Geofencing is an application that sends reports or triggers alarms when a predefined area is crossed. For example, users can be alerted to discounts with e-coupons when walking through a mall, or to “don’t forget the milk” — users can set their own reminder notifications based off of location; also, social networking. One example of location-based reminders is through Google Keep, which uses Android’s Geofence APIs on platforms that support hardware geofencing; this application will automatically take advantage of the hardware geofence solution.
Geofencing applications run in the background for long periods of time, and their main task is to compute positions (fixes) without the need of assistance from other applications. An ultra-low-power GNSS position solution, or always-on positioning solution, is desirable for these scenarios. Typical applications require notifications when entering or exiting a geofence area, or require periodic reporting of user positions relative to the fence.
Geofencing is not something new. API support has been provided in mobile OS for many years, but only now can it be used without draining the battery, thanks to this new host-offload architecture.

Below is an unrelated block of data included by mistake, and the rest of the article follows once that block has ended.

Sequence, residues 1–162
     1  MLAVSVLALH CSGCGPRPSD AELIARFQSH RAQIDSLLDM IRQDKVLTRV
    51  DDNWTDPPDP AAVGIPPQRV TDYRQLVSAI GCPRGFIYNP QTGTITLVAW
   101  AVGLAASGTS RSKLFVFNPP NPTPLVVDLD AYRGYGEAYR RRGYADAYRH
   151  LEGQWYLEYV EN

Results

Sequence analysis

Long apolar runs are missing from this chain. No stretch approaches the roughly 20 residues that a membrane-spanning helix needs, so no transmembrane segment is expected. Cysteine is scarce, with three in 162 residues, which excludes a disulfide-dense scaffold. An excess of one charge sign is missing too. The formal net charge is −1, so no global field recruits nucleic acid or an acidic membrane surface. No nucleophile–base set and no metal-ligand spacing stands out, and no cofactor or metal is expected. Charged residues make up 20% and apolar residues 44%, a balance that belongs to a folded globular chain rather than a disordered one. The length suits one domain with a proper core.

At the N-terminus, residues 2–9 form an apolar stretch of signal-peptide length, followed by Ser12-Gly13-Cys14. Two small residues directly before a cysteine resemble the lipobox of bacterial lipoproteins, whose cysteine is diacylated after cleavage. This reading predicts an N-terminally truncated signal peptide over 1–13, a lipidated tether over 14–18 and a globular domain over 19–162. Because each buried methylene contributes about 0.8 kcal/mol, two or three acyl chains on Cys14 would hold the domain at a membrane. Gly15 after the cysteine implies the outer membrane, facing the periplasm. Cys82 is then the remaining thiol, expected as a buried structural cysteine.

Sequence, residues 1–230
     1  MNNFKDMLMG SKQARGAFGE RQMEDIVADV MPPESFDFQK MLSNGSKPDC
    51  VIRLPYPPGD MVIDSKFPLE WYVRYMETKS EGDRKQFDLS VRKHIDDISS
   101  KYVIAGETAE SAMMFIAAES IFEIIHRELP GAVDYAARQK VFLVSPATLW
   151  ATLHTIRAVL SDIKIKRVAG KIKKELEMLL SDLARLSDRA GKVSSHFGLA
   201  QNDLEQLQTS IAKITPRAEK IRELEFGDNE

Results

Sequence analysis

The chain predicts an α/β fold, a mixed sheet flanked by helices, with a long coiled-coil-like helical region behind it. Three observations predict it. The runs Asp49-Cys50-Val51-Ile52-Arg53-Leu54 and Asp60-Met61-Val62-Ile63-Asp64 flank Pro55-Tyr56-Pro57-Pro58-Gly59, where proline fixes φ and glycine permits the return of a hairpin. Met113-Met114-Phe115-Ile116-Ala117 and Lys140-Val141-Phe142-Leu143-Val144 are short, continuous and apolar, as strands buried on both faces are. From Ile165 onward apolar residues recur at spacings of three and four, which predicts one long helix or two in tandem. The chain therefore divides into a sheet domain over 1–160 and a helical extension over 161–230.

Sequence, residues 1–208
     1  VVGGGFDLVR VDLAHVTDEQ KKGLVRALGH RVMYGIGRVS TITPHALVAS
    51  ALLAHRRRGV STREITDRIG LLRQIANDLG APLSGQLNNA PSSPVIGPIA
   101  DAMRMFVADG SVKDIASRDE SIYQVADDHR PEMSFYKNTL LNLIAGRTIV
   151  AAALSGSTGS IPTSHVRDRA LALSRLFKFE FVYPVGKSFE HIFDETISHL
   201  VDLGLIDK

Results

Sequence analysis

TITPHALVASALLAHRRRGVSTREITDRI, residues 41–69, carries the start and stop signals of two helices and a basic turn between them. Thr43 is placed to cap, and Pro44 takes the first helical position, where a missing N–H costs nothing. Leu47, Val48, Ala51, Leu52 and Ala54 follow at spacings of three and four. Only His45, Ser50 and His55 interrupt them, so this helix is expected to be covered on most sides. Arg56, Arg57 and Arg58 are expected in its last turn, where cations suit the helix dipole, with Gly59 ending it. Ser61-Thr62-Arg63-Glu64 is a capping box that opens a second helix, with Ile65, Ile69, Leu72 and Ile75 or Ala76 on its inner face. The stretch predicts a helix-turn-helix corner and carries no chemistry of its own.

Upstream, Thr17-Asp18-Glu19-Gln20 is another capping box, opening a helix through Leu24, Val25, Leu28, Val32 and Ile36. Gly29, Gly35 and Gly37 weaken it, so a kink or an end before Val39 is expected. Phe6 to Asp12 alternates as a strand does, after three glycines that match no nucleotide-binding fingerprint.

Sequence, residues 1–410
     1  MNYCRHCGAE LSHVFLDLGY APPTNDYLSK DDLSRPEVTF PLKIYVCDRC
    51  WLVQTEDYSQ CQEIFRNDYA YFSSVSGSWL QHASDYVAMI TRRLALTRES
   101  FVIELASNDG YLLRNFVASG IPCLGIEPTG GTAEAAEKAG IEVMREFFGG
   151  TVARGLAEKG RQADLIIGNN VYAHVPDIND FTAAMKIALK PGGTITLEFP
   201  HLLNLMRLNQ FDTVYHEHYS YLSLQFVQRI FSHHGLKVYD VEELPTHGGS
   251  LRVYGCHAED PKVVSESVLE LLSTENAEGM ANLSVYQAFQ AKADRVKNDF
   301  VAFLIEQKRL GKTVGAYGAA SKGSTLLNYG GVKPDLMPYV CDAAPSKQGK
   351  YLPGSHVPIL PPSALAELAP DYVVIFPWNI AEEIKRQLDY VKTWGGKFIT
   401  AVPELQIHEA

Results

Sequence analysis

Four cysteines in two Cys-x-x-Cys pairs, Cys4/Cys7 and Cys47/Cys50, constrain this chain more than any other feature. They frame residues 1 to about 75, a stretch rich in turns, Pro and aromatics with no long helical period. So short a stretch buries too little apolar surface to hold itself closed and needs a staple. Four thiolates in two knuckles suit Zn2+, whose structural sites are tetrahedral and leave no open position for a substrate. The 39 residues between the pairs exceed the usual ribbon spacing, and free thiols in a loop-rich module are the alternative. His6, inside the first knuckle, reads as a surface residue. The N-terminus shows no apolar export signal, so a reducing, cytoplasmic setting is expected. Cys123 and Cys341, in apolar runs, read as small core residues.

Figure 1 shows a circular geofence boundary and an alarm. In that example, the alarm was triggered when entering the fence.
Breadcrumbing or position batching pertains to storing of positions, referred to as crumbs, which are accumulated for a certain amount of time and then pushed all at once to the application. Examples would be fleet or asset tracking applications, or people that wants to track their position while they are running.
Currently, Android does not support breadcrumbing as a native feature. There is some ongoing work, and APIs are being defined.
GNSS Positioning Models
Before smartphones, the dominant GNSS hardware architecture employed a system-on-chip solution. The position/velocity/time (PVT) comes directly from the hardware, and all the computations are done in the GNSS IC.
On-Chip Positioning requires two things: a powerful-enough central processing unit (CPU) and lots of memory. The increase in CPU and memory performance are not free; they translate directly into more power and higher manufacturing costs.
The RF block in Figure 2 is intentionally drawn with a similar size to the CPU and memory, to emphasize the need for higher resources for a complete on-chip solution.
Host-Based Solution. GNSS positioning requires dedicated hardware, complex software, and protocols. This complexity led GNSS providers to move parts of the software out of the IC to the AP.